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Full Doka-formworking power for mega-scale hydro in Canada

In the Canadian province of Manitoba the 695 MW hydroelectric Keeyask Generating Station is under construction on the Nelson River. The scale of this project is enormous: for example the reservoir of the plant will have a surface area of some 23,000 acres. On completion, scheduled for 2021, the plant will supply some 4,400 GWh of electricity a year to homes and businesses in Canada and the US. With more than 300,000 sq ft of formwork, it's a record- breaking project for Doka too. Keeyask is the biggest project ever undertaken by Doka Canada and the biggest power-plant job for Doka in North America. Up to now, the 824 MW hydropower plant Muskrat Falls in the Canadian province of Newfoundland and Labrador, has been the largest power-plant project for Doka in North America.

Counting on international formworking expertise

A team of Doka engineers in four countries is working on finding the best formwork solution for Keeyask. A real challenge, because it's essential to take into account diverse factors, such as simultaneous erection of multiple structures, use of concrete with a high early strength, and the specifics of local geology. The Doka engineers meet these requirements by combining Dam formwork D22, Large-area formwork Top 50S, Framed formwork Framax S Xlife and Load-bearing towers Staxo 100. Formwork systems from Doka are being used to construct the draft tubes, the spillways, the powerhouse and the service bay complex.

Non-tied forming with Dam formwork D22

The Keeyask build is taking shape steadily also with our Dam formwork D22. In use on all of the construction sections where Doka is involved, the system scores especially on account of its high load-bearing capacity and its versatility. One bracket up to 13 ft in height can carry loads up to 220 kN (49.5 kip). These loads are transferred to the preceding concreting section. And no form ties are needed; the formwork is secured only to high-strength suspension points on the structure. The rocky terrain on site of the Keeyask hydroelectric power station is a major challenge for the construction crew. Doka came up with a custom- tailored solution. The bracket of the Dam formwork D22 was made pinnable, instead of the usual welded design. So it is versatile and easy to adapt to the differing rock formations on site. To speed up formworking operations, the D22 can be repositioned as an entire unit, which is eased by the rolling-back function of the formwork. A total of about 2,000 units will have been used by the time construction is finished.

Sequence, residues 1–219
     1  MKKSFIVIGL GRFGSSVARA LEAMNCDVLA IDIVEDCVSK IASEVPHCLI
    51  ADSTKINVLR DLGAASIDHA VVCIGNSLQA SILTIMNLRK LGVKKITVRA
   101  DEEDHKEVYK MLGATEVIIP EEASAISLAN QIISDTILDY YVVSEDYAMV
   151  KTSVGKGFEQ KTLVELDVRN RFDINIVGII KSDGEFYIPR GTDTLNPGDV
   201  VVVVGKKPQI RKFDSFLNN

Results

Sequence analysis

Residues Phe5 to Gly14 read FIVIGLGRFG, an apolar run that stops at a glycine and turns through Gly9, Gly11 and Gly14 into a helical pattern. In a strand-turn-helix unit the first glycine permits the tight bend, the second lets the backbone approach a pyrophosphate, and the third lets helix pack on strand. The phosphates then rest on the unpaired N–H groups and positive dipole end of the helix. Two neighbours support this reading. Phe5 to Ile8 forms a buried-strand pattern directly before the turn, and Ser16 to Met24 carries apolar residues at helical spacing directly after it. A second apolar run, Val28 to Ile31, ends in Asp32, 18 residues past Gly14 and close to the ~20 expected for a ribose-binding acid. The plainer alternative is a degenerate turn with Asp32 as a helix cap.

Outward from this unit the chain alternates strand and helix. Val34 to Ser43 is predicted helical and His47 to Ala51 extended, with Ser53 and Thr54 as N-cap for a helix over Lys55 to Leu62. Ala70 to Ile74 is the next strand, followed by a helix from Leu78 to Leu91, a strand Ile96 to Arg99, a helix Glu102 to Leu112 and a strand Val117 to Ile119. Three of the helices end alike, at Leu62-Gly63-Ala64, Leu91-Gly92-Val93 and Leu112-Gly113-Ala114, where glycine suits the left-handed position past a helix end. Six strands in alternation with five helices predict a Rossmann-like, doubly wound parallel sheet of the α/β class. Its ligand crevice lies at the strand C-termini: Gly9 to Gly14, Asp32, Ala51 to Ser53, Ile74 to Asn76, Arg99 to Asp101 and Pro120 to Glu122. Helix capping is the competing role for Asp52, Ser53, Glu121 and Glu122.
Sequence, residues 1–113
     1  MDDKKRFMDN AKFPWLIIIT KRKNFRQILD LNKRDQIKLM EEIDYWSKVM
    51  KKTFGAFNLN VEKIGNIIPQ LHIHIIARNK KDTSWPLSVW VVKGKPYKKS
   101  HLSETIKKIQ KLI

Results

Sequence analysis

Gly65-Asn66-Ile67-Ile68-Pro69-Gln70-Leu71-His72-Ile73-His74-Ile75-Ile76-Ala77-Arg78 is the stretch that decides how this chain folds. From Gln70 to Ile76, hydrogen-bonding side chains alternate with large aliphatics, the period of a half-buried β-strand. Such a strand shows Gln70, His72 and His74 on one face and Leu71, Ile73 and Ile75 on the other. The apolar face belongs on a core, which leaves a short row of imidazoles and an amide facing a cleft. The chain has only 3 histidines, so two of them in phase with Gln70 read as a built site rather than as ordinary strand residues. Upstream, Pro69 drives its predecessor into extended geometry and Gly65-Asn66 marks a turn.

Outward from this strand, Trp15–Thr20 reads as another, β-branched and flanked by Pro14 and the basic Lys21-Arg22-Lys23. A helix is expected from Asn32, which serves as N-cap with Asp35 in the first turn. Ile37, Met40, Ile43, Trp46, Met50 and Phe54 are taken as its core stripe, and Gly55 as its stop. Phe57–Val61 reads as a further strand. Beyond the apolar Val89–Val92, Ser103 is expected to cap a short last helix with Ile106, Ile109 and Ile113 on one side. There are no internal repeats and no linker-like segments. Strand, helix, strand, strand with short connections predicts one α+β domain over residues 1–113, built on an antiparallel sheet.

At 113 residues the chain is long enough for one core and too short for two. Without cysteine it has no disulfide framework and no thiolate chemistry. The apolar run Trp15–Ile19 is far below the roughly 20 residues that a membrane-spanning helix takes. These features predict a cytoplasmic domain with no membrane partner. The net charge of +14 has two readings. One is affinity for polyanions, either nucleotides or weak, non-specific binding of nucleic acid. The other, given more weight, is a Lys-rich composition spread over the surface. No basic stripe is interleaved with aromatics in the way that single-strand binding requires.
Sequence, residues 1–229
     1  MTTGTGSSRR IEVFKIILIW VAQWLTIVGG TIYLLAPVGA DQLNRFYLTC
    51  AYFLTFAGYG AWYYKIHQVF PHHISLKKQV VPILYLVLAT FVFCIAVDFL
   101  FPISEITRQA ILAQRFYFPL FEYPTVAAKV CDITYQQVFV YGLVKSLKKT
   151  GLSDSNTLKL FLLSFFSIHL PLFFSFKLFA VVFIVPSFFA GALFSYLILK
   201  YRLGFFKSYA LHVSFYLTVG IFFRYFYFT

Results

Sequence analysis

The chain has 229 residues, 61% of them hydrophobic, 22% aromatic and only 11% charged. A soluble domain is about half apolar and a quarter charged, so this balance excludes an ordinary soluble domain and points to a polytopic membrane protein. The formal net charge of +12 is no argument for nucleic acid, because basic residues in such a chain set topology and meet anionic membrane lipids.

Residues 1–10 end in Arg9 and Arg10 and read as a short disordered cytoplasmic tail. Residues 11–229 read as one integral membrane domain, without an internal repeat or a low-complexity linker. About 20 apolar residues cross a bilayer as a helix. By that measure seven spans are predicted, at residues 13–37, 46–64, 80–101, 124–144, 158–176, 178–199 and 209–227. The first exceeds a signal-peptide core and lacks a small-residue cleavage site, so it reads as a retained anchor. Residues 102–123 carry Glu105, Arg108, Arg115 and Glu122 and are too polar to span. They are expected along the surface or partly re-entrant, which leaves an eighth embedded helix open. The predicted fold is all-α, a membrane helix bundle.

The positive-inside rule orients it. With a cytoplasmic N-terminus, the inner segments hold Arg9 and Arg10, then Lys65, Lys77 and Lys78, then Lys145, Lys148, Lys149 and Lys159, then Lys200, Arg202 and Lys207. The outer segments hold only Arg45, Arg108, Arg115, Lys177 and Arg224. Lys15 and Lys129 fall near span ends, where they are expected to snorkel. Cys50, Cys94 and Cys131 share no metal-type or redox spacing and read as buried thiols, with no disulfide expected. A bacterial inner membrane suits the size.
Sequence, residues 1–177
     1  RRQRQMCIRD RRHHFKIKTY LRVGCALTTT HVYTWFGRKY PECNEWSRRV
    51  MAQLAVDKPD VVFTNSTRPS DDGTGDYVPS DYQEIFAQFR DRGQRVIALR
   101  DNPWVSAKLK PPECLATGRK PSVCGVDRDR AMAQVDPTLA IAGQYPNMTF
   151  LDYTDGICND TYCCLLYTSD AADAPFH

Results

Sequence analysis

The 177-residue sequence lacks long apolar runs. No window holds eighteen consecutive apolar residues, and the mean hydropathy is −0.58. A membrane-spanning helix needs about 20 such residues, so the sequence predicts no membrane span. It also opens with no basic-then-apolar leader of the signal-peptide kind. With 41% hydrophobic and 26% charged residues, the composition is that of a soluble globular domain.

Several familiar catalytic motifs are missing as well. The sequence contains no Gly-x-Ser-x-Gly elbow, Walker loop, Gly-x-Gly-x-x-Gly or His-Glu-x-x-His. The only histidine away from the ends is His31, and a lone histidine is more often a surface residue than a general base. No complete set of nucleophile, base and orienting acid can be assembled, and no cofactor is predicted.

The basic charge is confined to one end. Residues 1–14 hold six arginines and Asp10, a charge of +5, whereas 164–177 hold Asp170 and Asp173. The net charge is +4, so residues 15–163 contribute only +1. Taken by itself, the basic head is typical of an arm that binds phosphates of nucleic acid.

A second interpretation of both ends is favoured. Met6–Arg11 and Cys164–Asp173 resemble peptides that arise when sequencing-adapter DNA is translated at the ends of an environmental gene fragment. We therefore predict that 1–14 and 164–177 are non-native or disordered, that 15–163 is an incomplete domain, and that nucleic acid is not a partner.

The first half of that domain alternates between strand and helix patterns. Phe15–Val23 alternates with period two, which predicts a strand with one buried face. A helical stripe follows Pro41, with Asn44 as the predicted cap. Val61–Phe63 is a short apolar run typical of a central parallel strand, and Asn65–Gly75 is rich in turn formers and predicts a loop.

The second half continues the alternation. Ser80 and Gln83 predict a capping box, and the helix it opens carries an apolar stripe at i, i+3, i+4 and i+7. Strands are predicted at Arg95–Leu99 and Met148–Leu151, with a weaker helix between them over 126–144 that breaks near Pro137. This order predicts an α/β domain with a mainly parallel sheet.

Top 50S one system for many different requirements

Large-area formwork Top 50S is highly versatile and very much in demand on this build, where it is used for construction of the draft tubes, through which the water is lead away from the turbines. High numbers of use cycles and high levels of re-usability have helped to minimize the need for custom-built formwork. The large-area formwork arrives already pre- assembled on site, and minimizes craneage due to large repositioning units , as well as assembly work on site. The Large-area formwork Top 50S was also chosen because, given the wide choice of both form-facing and tie-rod pattern, it can be adapted to very widely differing requirements and any fresh concrete pressure. This was an important criterion for the Keeyask build, where some sections could only be accessed with difficulty and were thus formed with self-compacting concrete and hydrostatic pressures of 1500 psf.

Faster, and safer too

Doka also compellingly demonstrated the high level of safety of its systems. The Top 50S and D22 formwork systems feature integrated working platforms. Work can proceed in safety and formwork and platforms are repositioned in a single lift, so progress on the build is both speedy and safe. Safety starts with correct set-up and operation of the formwork. So the Keeyask site crew has the on-site support of Doka formwork instructors, who explain how to use the formwork effectively and in safety.

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